I’ve always loved going back to school. It’s strange to think about, but as a kid I always felt the summer holiday was too long.
How strange was I?
There were just so many things to learn, and we were always so short on time. It helped that I loved my teachers too. I was always giddy with excitement to see them again.
I even remember how shocked I was to learn that they actually left school during the summer. Especially my 6th grade teacher. I remember her saying she had been on a holiday with friends.
Friends? Do teachers have friends?? It was so weird to me!
(Luckily, teachers do have friends!)
We were all so excited to come back and tell everyone what we had been up to during the summer. Some kids had been abroad – some even on the other side of the world! This was pretty much equivalent to traveling to the moon at the time. Some had been at their family cabin, and some went camping. Most of us just stayed at home, though. Despite not traveling far in kilometers, we had traveled so far in fun and games. Climbing trees, swimming, water balloon fights and sleeping in a tent in the back yard. It was amazing!
Things have changed now. After I started working in the classroom I noticed that more often than not, kids were traveling with their families during the holiday.
Except some kids.
The ones that you know haven’t been anywhere.
You don’t have to ask.
Children have various social backgrounds. Some families have more money than others. Some families barely make ends meet. Others aren’t able to. Being a teacher means fighting to erase social inequality by empowering children with knowledge.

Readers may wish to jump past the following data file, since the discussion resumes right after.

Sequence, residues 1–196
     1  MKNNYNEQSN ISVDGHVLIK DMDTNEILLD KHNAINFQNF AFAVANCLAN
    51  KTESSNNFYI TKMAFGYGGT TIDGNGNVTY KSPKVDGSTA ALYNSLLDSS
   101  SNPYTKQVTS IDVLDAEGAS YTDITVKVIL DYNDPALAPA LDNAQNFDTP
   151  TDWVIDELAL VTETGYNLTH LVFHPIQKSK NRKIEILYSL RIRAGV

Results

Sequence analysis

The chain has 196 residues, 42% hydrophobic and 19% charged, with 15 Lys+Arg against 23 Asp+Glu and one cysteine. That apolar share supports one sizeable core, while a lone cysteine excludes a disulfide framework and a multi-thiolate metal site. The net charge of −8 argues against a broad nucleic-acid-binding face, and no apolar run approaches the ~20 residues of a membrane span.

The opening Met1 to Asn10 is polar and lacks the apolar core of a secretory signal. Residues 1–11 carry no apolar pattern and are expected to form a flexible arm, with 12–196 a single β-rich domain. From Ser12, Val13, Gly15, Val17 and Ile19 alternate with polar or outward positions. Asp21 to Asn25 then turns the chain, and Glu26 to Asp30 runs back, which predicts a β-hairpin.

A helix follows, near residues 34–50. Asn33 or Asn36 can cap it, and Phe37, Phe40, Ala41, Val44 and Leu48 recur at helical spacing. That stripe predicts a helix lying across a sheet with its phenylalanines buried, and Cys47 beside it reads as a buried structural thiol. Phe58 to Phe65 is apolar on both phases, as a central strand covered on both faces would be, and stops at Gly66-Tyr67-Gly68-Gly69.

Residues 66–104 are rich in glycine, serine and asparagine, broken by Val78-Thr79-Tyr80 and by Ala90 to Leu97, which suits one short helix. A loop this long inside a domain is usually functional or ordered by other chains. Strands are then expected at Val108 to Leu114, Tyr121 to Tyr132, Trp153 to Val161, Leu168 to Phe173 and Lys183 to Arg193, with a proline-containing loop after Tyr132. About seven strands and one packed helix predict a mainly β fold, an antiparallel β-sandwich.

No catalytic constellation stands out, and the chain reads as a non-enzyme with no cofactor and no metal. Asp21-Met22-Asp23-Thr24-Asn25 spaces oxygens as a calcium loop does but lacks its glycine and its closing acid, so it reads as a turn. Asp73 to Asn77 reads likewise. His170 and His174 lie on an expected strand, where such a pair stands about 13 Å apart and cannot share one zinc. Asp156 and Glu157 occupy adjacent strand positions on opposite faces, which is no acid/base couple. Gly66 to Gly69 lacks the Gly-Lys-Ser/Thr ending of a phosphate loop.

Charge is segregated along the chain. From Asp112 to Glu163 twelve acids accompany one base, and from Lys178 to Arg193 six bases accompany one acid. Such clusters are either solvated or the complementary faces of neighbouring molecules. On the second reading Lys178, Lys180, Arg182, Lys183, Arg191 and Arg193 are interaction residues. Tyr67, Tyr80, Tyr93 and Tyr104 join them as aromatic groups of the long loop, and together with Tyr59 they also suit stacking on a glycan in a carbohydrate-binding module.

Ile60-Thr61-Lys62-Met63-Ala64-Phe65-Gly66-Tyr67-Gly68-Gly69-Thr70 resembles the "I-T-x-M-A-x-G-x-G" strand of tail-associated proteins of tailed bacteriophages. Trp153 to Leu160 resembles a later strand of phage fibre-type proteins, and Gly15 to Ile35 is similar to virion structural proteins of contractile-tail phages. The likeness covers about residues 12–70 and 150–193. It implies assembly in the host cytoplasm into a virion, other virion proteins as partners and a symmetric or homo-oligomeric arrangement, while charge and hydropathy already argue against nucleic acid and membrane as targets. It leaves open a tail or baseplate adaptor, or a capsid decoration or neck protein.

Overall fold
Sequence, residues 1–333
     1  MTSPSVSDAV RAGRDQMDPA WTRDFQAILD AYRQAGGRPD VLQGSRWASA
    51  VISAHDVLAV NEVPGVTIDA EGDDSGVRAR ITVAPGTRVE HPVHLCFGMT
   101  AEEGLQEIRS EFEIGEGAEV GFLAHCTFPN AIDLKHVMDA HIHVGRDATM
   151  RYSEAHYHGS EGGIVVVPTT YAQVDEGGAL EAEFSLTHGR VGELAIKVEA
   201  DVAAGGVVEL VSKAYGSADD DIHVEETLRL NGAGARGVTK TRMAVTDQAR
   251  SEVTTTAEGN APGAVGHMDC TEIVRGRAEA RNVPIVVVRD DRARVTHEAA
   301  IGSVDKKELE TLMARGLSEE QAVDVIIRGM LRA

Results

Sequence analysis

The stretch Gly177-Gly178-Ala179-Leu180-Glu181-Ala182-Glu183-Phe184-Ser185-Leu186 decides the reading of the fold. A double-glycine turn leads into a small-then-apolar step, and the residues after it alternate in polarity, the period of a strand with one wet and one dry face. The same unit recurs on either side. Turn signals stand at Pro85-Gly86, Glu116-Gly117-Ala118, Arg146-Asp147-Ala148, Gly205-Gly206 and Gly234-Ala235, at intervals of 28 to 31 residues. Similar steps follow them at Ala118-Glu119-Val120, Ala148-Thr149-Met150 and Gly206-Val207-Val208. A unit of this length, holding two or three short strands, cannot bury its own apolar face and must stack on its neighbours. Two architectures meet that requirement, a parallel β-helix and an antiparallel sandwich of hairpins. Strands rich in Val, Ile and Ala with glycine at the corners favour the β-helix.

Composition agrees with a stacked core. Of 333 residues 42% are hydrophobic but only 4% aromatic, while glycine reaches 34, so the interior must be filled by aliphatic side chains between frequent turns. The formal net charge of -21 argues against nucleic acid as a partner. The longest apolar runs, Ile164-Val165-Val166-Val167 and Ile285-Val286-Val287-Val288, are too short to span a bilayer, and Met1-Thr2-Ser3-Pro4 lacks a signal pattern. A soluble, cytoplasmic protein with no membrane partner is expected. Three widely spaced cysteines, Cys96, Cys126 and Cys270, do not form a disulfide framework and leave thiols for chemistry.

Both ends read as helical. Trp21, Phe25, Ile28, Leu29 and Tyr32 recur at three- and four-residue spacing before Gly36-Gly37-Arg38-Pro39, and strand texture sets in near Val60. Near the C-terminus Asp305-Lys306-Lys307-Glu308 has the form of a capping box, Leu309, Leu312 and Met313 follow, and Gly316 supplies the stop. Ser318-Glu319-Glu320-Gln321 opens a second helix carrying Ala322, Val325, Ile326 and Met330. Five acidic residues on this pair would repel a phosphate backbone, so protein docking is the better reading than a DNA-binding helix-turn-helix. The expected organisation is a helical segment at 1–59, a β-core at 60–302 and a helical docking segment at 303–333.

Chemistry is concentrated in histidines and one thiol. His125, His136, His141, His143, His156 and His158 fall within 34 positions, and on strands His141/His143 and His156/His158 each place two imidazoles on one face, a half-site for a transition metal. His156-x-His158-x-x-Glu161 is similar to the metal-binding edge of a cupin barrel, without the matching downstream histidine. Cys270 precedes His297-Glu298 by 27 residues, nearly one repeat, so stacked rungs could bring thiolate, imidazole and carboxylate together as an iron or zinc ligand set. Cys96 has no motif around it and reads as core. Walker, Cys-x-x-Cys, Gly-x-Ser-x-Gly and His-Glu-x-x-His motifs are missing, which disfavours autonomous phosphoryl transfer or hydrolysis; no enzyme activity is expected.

This knowledge isn’t just confined to curriculum! It is knowledge about how it’s okay to be different, to have different things and to have different experiences. It is our job to make them believe that no matter their starting point in life, their goals can be placed wherever they want.
Keeping this in mind I wanted to create some back to school resources that are mindful of the different social backgrounds in my classroom (and elsewhere!). The printables allow children to recap and share their summer memories, without feeling uncomfortable or like anything less.
I hope you find the BTS resource interesting! To get started, click on the image blow and download some free printables to use as back to school activities. I’d love to hear your thoughts on this topic! How do you make sure all your students are comfortable when sharing summer memories?